Navy Fed. Credit Union v. Lentz, Record No. 1115-22-2 (Va. Ct. App. Aug. 15, 2023)
Can a financial institution be held liable for failing to detect a wire transfer scam?
Facts. Seventy-four-year-old Delores Lentz was scammed out of almost $140,000 when a hacker convinced her to make two wire transfers through her Navy Federal Credit Union (NFCU) account. When she realized she had been scammed, she sued NFCU for negligently failing to detect the scam based on purported violations of the Bank Secrecy Act (BSA) and Code § 63.2-1606. NFCU demurred, arguing that it had no duty to prevent the transfer under the UCC, and that the UCC superseded the common law and statutory duties that Lentz had pled. The circuit court overruled the demurrer.
NFCU then filed motions for summary judgment and certification of the court’s order overruling the demurrer for interlocutory review. The circuit court granted in part and denied in part NFCU’s summary judgment motion but certified its ruling on both the demurrer and partial denial of summary judgment for interlocutory review.
Issues. (1) Whether the BSA creates a private right of action. (2) Whether Lentz properly pled that NFCU owed her a common law duty or statutory duty under Code § 63.2-1606 related to wire transfers. (3) Whether the UCC preempts statutory or common law duties related to wire transfers.
Holdings. (1) No. Congress did not create a private right of action to enforce the BSA. (2) No. Code § 63.2‑1606 is a permissive statute that imposes no duty on financial institutions to report suspected exploitation of adults. (3) Yes. The UCC rules are the exclusive means of determining the rights, duties, and liabilities among parties related to wire transfers.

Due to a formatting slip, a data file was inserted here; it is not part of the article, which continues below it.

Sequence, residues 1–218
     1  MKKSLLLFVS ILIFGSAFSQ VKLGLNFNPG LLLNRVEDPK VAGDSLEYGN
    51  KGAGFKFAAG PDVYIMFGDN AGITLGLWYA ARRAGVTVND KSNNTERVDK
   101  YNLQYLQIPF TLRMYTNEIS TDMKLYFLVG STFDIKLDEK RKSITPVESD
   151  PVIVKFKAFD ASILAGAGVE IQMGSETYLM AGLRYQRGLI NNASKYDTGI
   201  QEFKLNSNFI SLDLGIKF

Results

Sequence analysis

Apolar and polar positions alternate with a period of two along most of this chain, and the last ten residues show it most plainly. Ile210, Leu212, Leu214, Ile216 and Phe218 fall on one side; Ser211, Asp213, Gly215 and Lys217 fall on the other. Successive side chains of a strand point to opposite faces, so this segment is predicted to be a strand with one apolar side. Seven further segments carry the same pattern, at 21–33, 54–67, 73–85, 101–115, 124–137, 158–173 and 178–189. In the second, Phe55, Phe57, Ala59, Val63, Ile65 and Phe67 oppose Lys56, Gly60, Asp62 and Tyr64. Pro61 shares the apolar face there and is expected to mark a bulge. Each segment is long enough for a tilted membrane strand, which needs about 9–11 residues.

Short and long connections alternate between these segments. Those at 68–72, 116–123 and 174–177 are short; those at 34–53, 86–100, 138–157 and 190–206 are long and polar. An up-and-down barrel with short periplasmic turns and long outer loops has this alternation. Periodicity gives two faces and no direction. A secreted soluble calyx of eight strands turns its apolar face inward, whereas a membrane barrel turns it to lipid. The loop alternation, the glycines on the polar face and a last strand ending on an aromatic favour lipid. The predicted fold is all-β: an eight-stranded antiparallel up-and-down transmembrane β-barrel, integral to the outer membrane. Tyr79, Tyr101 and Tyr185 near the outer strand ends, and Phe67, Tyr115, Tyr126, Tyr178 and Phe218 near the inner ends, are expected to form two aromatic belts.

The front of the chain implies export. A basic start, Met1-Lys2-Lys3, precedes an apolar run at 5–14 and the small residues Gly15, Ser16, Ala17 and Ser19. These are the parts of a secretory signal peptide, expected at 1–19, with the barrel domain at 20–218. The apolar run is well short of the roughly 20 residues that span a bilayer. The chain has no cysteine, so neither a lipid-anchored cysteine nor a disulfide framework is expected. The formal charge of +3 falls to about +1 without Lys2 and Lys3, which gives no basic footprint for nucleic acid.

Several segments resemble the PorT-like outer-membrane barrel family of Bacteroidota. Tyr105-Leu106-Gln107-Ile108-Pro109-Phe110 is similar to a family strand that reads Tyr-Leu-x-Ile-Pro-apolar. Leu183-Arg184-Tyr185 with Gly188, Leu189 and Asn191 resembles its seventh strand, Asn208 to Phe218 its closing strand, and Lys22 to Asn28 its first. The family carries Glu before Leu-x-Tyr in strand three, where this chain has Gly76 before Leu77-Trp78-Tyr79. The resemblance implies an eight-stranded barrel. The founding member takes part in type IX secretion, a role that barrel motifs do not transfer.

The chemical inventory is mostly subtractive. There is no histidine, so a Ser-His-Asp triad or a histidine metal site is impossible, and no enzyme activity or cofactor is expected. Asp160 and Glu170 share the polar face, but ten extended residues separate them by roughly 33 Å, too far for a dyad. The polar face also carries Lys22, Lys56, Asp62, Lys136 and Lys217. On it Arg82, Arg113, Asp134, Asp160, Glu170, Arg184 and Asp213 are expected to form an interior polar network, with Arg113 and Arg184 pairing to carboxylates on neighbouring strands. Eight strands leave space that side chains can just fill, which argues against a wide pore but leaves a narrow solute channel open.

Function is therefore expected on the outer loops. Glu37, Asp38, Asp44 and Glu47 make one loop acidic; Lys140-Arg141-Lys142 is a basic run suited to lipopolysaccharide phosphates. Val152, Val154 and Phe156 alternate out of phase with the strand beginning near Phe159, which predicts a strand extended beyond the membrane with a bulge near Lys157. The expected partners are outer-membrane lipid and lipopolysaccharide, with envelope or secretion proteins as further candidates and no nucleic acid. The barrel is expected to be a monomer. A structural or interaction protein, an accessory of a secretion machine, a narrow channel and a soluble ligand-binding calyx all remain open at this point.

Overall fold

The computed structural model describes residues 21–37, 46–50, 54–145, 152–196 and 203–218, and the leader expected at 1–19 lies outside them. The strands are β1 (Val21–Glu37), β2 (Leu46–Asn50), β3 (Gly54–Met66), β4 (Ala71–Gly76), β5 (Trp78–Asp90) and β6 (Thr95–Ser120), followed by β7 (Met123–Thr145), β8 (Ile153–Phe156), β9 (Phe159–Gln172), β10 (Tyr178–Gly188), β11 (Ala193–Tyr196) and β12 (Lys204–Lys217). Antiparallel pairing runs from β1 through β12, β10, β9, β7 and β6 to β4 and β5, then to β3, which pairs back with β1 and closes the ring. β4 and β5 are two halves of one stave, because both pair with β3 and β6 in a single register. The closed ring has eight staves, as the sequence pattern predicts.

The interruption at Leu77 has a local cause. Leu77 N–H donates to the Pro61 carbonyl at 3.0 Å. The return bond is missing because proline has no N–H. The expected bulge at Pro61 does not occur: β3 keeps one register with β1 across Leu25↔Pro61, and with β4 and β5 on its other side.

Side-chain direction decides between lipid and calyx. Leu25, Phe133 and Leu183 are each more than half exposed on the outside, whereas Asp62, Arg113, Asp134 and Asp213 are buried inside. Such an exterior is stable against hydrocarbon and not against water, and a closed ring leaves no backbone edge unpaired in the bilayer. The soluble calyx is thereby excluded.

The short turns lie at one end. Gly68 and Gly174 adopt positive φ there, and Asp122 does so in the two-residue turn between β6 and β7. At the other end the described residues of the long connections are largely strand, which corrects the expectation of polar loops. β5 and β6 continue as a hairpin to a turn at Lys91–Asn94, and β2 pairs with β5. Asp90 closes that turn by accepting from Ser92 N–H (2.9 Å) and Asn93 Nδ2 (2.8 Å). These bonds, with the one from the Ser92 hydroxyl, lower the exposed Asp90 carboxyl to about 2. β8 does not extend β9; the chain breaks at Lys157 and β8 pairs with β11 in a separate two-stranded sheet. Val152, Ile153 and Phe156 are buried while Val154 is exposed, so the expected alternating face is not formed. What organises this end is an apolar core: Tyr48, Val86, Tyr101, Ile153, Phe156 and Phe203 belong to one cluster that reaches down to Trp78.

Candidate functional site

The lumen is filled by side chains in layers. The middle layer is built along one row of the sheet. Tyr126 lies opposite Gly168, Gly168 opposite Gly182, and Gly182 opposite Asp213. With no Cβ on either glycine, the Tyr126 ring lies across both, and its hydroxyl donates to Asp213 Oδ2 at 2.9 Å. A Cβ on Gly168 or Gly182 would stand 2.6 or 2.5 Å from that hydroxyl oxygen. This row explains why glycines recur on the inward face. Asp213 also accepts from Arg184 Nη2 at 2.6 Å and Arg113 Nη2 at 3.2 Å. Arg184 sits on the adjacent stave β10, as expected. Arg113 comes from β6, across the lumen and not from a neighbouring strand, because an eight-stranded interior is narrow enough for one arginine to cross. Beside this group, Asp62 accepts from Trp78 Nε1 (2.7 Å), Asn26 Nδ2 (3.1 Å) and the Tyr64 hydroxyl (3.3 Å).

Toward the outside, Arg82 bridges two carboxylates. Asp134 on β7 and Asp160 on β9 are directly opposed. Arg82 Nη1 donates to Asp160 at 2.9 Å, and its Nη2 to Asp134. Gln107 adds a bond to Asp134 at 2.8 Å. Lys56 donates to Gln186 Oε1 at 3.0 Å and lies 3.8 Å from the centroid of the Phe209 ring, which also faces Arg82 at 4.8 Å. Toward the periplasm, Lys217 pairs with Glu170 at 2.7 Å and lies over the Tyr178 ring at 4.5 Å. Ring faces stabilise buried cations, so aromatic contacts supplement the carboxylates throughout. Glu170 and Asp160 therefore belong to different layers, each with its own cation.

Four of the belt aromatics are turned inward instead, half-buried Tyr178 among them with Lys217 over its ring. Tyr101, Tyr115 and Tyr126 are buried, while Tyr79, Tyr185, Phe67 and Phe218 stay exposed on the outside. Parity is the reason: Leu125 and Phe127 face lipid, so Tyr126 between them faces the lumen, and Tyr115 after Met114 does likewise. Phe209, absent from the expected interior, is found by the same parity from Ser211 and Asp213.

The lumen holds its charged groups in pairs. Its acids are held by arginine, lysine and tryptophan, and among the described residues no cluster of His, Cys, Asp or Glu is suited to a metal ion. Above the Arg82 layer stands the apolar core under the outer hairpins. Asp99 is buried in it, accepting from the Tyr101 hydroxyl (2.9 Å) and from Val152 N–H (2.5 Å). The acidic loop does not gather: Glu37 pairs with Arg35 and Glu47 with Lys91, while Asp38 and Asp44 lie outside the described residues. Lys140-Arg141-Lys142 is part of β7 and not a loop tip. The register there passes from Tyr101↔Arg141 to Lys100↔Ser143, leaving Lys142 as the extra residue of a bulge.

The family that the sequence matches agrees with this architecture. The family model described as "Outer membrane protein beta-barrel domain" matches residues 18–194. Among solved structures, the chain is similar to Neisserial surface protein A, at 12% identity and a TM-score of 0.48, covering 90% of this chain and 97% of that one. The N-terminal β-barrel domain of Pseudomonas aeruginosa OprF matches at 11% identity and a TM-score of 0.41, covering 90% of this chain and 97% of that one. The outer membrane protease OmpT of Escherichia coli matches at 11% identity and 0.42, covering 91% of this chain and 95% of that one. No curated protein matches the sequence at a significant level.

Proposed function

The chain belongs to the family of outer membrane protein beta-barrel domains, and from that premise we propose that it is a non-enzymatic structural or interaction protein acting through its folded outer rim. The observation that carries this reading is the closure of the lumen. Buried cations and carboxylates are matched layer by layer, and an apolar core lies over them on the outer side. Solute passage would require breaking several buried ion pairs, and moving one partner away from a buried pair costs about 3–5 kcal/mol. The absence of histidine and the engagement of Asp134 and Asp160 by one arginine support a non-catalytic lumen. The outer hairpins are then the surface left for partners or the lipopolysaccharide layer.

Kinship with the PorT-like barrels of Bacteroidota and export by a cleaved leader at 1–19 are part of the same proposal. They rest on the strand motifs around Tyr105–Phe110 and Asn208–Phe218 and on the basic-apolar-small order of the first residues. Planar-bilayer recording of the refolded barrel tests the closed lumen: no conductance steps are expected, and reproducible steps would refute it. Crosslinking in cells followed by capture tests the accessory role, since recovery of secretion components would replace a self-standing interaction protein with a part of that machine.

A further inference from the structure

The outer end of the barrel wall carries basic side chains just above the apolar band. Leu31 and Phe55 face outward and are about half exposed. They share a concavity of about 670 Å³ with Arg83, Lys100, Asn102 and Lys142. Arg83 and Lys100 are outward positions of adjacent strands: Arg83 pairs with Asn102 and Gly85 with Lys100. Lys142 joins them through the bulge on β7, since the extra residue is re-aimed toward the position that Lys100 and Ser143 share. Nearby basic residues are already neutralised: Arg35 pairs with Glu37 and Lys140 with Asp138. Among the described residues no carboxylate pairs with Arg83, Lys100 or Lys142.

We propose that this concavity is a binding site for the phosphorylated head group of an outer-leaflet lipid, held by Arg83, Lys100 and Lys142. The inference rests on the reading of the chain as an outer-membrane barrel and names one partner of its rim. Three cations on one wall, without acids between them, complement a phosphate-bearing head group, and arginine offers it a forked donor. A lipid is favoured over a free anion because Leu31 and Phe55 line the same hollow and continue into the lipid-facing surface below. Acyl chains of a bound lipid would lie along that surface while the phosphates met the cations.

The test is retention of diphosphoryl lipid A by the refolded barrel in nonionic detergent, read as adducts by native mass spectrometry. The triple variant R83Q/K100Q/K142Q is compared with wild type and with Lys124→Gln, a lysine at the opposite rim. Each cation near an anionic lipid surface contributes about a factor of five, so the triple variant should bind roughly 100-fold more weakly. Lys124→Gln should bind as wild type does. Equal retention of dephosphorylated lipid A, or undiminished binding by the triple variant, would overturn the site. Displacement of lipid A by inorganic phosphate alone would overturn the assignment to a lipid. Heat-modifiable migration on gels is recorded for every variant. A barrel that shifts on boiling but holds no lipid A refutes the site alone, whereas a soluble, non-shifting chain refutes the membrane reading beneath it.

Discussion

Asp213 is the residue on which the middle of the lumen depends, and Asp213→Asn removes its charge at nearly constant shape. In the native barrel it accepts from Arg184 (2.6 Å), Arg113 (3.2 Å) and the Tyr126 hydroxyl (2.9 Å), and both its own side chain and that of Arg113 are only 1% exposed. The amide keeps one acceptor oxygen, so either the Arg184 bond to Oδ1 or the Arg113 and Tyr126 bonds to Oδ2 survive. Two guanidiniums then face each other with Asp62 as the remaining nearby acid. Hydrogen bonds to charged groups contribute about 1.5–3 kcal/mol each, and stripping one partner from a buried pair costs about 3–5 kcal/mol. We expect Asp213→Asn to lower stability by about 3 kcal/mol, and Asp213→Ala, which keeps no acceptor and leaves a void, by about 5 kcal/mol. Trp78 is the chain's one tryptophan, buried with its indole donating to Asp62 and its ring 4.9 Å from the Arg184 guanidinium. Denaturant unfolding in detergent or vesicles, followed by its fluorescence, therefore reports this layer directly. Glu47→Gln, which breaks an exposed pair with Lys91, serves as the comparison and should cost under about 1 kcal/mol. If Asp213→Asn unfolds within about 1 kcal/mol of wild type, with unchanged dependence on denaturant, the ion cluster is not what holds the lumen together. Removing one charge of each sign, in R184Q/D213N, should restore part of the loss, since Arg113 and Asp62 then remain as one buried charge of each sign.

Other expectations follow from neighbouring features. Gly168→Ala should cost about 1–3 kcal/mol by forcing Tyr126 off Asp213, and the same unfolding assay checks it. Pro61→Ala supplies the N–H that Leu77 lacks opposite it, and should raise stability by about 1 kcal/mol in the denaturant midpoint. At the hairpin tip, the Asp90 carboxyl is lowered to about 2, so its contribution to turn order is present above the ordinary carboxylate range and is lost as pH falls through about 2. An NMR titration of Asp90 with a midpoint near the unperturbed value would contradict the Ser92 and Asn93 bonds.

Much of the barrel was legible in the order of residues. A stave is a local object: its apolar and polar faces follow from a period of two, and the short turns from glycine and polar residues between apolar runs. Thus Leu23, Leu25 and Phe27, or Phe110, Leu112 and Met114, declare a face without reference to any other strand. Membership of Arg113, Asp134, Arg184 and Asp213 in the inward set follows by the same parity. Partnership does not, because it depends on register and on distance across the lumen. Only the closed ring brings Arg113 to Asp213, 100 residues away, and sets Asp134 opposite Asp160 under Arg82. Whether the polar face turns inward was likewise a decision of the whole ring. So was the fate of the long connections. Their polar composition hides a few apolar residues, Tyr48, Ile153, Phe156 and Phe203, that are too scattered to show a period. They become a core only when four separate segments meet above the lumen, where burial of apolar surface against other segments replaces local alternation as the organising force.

Notes. (1) The legislature must expressly create a private right of action to enforce a federal statute. The duties created by the BSA are owed only to the federal government, not to any private party. Nowhere in the text of the BSA did Congress create a private cause of action.
(2) Code § 63.2‑1606 is a permissive statute that provides a “safe harbor” to banks from violating privacy laws if they report suspected elder exploitation. It establishes a reporting procedure for suspected elder abuse. While there are eight classifications of mandatory reporters under the statute, financial institutions are only permissive reporters. And, since they are under no statutory duty to report suspected elder exploitation, the Court declines to impose a common law duty to do so.
(3) The UCC’s Article 4A, which governs wire transfers, has been adopted by Virginia, and it alone establishes a financial institution’s duties to consumers. Banks owe no duty to any party to a fund transfer except as provided by Article 4A, and Article 4A does not require that a financial institution take any action or refrain from taking any action with respect to a wire order.